The contents of the main modules of the general plan, that is social sciences, law, psychology and education, as well as health care and habilitation and rehabilitation are organised in modules and are laid down in the general plan as follows:

Overview of the study ptogression according to valid curriculum 2004 for the part-time programme in Social education.

The College gives students the opportunity to take parts of the 5th semester abroad.

Teaching and Learning Methods

The contents of the social educator programme comprises theoretical knowledge, process-oriented and experience bases knowledge and development of relation competence. The goals for high quality in the study is linked to the development of the student’s ethical conciousness and the ability for independent critical and systematic thinking; understanding and action Theoretical studies need to be integrated and reflected when choosing edcation and teaching methods. The programme is organised around a wide range of educational means focusing mainly on the students’ own activities and cooperation in acquiring theoretical knowledge, professional skills and personal competence. All learning and teaching methods are rooted in the didactic target areas; cognitive goals, attitude and skills goals. This manifests itself in project organised teaching, lectures, group work, skill training, field work, placement studies and extensive use of tutoring as educational means.

As a study method, the role of placement studies can be justified from both an educational and an academic point of view. This learning method will contribute to giving the students an increased understanding of the connection between research, theory and practical work. The practical placement studies must be approved in order to pass the exams.

In this programme, there is extensive use of portfolio assessment as a part of the exam arrangements This is a flexible concept that leaves many options in terms of organisation and variation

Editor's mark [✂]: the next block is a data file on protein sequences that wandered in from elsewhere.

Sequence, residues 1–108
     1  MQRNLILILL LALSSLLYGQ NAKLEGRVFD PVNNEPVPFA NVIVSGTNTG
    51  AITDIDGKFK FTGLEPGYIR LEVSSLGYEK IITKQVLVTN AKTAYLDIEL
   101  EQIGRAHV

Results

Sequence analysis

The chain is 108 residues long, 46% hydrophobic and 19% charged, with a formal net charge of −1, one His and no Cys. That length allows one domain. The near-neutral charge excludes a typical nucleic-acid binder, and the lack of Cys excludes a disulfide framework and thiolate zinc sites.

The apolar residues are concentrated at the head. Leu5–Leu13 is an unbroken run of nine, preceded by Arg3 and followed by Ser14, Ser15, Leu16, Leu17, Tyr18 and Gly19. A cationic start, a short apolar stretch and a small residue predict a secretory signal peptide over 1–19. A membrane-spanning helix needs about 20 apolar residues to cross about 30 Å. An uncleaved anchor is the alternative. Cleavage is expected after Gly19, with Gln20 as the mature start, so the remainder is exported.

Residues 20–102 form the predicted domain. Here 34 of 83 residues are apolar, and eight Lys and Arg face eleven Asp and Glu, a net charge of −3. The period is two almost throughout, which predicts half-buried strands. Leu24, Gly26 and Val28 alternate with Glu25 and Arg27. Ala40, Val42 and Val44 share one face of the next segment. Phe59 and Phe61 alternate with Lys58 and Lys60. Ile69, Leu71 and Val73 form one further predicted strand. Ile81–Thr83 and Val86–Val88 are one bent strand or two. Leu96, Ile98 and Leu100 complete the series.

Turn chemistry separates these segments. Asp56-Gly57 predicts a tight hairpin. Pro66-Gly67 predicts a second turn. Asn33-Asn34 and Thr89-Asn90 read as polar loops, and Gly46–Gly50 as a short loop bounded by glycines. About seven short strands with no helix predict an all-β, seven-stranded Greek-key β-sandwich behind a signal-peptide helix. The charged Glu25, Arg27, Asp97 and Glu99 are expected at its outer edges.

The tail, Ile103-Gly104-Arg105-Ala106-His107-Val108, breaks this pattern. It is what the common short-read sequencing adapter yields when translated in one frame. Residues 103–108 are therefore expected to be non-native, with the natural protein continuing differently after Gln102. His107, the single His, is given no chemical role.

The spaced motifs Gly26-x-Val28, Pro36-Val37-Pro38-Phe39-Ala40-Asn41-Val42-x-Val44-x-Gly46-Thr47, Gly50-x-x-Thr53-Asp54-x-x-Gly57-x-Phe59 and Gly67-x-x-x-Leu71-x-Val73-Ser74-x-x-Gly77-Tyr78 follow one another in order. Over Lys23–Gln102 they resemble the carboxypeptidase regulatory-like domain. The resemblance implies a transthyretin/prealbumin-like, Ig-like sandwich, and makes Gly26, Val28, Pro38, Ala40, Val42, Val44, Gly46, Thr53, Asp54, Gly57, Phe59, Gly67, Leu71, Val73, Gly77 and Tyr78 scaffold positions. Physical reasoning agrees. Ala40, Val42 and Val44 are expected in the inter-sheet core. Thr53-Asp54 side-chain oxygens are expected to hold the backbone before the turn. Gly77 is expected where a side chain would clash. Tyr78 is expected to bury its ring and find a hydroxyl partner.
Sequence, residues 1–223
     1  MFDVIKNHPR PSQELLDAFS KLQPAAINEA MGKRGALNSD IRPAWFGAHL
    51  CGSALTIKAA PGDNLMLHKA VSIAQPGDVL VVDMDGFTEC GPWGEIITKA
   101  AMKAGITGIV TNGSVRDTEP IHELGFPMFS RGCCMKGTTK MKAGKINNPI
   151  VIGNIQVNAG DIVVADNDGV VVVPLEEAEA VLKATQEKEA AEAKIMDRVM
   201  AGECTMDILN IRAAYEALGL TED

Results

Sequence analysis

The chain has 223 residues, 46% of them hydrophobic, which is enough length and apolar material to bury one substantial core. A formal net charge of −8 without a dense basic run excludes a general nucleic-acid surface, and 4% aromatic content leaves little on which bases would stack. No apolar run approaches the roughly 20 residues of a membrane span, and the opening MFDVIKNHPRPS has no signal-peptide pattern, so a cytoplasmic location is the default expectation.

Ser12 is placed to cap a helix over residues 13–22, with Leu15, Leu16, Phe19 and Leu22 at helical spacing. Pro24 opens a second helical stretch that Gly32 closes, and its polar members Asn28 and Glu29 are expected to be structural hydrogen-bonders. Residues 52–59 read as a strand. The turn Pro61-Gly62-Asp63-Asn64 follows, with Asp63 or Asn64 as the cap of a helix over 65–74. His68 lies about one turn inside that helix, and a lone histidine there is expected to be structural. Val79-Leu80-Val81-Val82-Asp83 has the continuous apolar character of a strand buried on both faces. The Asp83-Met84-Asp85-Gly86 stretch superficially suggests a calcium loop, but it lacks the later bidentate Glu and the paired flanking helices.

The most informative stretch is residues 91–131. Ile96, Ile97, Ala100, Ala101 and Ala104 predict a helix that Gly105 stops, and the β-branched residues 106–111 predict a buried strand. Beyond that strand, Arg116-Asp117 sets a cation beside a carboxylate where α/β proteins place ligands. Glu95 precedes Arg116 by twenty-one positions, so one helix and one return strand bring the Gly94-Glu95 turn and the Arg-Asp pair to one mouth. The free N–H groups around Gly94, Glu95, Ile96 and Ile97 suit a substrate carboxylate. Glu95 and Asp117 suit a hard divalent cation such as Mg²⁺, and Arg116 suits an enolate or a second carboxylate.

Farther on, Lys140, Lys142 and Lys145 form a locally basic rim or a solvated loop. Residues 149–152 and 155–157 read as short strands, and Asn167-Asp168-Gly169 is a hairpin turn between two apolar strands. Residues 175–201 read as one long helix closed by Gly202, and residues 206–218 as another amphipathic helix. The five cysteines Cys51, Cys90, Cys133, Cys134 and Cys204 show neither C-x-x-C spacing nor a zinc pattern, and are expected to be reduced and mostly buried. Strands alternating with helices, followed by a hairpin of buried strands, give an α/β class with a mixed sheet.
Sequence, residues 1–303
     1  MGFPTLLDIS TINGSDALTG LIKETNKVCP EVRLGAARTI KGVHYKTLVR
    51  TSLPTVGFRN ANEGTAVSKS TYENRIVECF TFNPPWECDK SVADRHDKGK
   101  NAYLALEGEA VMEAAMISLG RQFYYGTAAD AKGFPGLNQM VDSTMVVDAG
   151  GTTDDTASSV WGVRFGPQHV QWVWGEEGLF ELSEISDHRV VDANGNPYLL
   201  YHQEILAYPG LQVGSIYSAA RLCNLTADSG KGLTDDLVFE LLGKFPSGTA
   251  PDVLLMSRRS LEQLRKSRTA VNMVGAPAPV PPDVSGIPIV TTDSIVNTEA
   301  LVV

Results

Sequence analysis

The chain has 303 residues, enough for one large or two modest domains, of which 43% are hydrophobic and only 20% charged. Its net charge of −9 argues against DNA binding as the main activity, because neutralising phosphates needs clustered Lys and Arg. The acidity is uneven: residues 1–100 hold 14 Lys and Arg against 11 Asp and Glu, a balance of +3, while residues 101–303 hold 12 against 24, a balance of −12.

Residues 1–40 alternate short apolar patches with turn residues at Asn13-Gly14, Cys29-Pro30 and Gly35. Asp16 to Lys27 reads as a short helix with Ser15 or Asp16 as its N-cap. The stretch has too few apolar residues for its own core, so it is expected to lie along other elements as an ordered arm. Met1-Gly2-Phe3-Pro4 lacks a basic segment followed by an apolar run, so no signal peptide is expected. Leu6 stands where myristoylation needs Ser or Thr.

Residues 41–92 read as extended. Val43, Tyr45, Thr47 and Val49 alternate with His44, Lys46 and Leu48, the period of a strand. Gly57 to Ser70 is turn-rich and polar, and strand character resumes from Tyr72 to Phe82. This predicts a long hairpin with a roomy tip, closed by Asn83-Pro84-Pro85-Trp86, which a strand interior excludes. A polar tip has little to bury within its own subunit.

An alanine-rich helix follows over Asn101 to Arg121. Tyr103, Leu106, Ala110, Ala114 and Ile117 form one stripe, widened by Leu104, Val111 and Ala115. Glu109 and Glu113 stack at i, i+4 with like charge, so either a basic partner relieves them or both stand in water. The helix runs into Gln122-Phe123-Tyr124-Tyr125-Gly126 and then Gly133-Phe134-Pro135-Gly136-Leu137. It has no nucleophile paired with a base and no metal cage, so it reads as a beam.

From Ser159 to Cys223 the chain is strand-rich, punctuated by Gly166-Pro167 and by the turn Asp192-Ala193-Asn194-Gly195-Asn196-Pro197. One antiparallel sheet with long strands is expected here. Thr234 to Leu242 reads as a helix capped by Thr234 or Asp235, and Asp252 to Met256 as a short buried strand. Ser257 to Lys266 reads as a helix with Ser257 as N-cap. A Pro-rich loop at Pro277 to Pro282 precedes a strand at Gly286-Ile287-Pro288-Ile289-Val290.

A portfolio can be described as a systematic gathering of assignments and other kinds of documentation that provide an overview of the students’ development and learning within a specific academic area. A portfolio may also contain form essays, to their own and fellow students’ assessments of the student’s theoretical and practical skills. Peer feedback and student cooperation is a major part of the portfolio concept.
Taube, A. (2000): Mappevurdering Undervisningsstrategier og undervisningsredskap Oslo: Tano: Aschehoug

The students are expected to work in groups throughout their academic career. Group tutoring can be arranged, and the students are expected to utilize group work both for doing assignments as well as self-development.

Theory and Practical Training


Placement code





Placement studies in social education

3. semester

Ca 10 weeks


Health work placement

5. and

6. semester

Ca 12 weeks


Methodical work/placement

7. semester

8 weeks/Norway



Methodical work/placement


12 weeks/abroad

Includes. DO2

The practical placement studies should be completed and approved in accordance with the prevailing regulations, and a passing mark is a precondition for receiving a module mark.

The student's learning goals should be expressed in a "contract of learning" between the student, the tutor and the placement institution.The contract of learning should also contain times for tutoring, evaluation and independent study time for the student.

The student’s tasks should be diverse and be within the academic area of child welfare work. The determination of specific tasks for the student should be planned by the tutor and the student together. These tasks should be in accordance with the learning goals which the student has determined and the goals of the placement institution.

Working hours. The determination of the student’s schedule is based on the schedule of the institution in question. At institutions that use round-the-clock shifts, there should be a reasonable division between day and evening work.The norm is two nights per week and no more than every third weekend. Night work should not be a part of the student's working hours.

When a student's schedule that departs from these regulations, an agreement should be made with the student in advance. The student should have time off equivalent to one day per week to private studies.This time off can be given at one time as an entire day. The student cannot be forced to work overtime or extra shifts without the student’s explicit consent. In such case, the student should receive compensation for his/her labour. (Night shifts are considered to be extra service)